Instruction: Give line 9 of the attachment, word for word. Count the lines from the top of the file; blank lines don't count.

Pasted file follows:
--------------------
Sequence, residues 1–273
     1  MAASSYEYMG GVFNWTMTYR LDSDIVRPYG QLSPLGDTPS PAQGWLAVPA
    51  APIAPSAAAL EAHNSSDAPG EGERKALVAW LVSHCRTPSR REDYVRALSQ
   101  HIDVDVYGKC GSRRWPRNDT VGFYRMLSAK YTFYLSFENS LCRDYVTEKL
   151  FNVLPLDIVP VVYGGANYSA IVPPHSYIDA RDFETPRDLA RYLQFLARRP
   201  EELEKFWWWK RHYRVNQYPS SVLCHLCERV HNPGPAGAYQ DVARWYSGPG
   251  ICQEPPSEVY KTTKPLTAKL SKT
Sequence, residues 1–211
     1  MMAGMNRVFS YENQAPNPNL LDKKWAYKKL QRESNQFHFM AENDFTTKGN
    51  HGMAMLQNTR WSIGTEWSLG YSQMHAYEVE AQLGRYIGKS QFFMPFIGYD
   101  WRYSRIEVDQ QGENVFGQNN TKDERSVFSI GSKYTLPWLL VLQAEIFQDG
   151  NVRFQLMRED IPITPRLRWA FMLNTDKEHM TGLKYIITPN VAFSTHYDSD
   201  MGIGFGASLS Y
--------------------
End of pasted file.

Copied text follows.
     1  MMAGMNRVFS YENQAPNPNL LDKKWAYKKL QRESNQFHFM AENDFTTKGN